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The American

Chapter 13
Newman kept his promise, or his menace, of going often to the Rue de
l'Universite, and during the next six weeks he saw Madame de Cintre more times
than he could have numbered. He flattered himself that he was not in love, but
his biographer may be supposed to know better. He claimed, at least, none of the
exemptions and emoluments of the romantic passion. Love, he believed, made a
fool of a man, and his present emotion was not folly but wisdom; wisdom sound,
serene, well-directed. What he felt was an intense, all-consuming tenderness,
which had for its object an extraordinarily graceful and delicate, and at the same
time impressive, woman who lived in a large gray house on the left bank of the
Seine. This tenderness turned very often into a positive heart-ache; a sign in
which, certainly, Newman ought to have read the appellation which science has
conferred upon his sentiment. When the heart has a heavy weight upon it, it
hardly matters whether the weight be of gold or of lead; when, at any rate,
happiness passes into that place in which it becomes identical with pain, a man
may admit that the reign of wisdom is temporarily suspended. Newman wished
Madame de Cintre so well that nothing he could think of doing for her in the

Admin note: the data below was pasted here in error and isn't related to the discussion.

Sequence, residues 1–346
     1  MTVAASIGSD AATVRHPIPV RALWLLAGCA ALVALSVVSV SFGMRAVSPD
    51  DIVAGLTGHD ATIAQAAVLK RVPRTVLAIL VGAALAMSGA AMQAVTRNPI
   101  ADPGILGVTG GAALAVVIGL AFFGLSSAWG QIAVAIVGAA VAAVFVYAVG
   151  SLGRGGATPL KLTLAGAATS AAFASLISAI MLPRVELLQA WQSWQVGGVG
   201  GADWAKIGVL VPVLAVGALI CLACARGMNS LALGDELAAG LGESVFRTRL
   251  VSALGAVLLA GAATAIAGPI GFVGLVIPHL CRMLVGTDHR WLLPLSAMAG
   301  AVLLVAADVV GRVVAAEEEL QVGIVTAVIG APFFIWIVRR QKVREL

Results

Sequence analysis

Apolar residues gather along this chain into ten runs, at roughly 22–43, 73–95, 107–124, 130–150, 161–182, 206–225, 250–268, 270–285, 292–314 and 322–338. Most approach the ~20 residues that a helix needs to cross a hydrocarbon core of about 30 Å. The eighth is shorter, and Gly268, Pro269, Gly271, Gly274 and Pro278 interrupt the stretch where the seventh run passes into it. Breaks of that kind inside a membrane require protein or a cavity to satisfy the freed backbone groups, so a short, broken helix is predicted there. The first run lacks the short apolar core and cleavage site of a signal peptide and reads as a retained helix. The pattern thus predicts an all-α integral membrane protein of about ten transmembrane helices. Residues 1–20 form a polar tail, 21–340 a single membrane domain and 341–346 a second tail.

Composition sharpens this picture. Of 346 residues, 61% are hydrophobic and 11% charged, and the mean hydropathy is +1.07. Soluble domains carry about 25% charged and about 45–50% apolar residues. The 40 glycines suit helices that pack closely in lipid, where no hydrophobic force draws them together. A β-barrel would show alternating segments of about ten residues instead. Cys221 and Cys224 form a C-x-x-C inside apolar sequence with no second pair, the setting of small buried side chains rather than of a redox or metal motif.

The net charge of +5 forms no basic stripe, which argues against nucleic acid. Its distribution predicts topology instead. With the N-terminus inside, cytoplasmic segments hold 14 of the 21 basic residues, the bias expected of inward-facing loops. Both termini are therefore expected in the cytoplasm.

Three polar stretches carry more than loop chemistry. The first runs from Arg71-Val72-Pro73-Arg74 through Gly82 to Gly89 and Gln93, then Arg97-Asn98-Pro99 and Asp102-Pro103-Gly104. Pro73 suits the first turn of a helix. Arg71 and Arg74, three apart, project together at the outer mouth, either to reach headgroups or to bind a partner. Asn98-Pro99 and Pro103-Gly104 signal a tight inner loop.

future rose to the high standard which his present mood had set itself. She
seemed to him so felicitous a product of nature and circumstance that his
invention, musing on future combinations, was constantly catching its breath with
the fear of stumbling into some brutal compression or mutilation of her beautiful
personal harmony. This is what I mean by Newman's tenderness: Madame de
Cintre pleased him so, exactly as she was, that his desire to interpose between
her and the troubles of life had the quality of a young mother's eagerness to
protect the sleep of her first-born child. Newman was simply charmed, and he
handled his charm as if it were a music-box which would stop if one shook it.
There can be no better proof of the hankering epicure that is hidden in every
man's temperament, waiting for a signal from some divine confederate that he
may safely peep out. Newman at last was enjoying, purely, freely, deeply.
Certain of Madame de Cintre's personal qualities--the luminous sweetness of her
eyes, the delicate mobility of her face, the deep liquidity of her voice--filled all his
consciousness. A rose-crowned Greek of old, gazing at a marble goddess with
his whole bright intellect resting satisfied in the act, could not have been a more
complete embodiment of the wisdom that loses itself in the enjoyment of quiet
harmonies.
He made no violent love to her--no sentimental speeches. He never trespassed
on what she had made him understand was for the present forbidden ground. But
he had, nevertheless, a comfortable sense that she knew better from day to day
how much he admired her. Though in general he was no great talker, he talked
much, and he succeeded perfectly in making her say many things. He was not
afraid of boring her, either by his discourse or by his silence; and whether or no
he did occasionally bore her, it is probable that on the whole she liked him only
the better for his absense of embarrassed scruples. Her visitors, coming in often
while Newman sat there, found a tall, lean, silent man in a half-lounging attitude,
who laughed out sometimes when no one had meant to be droll, and remained
 
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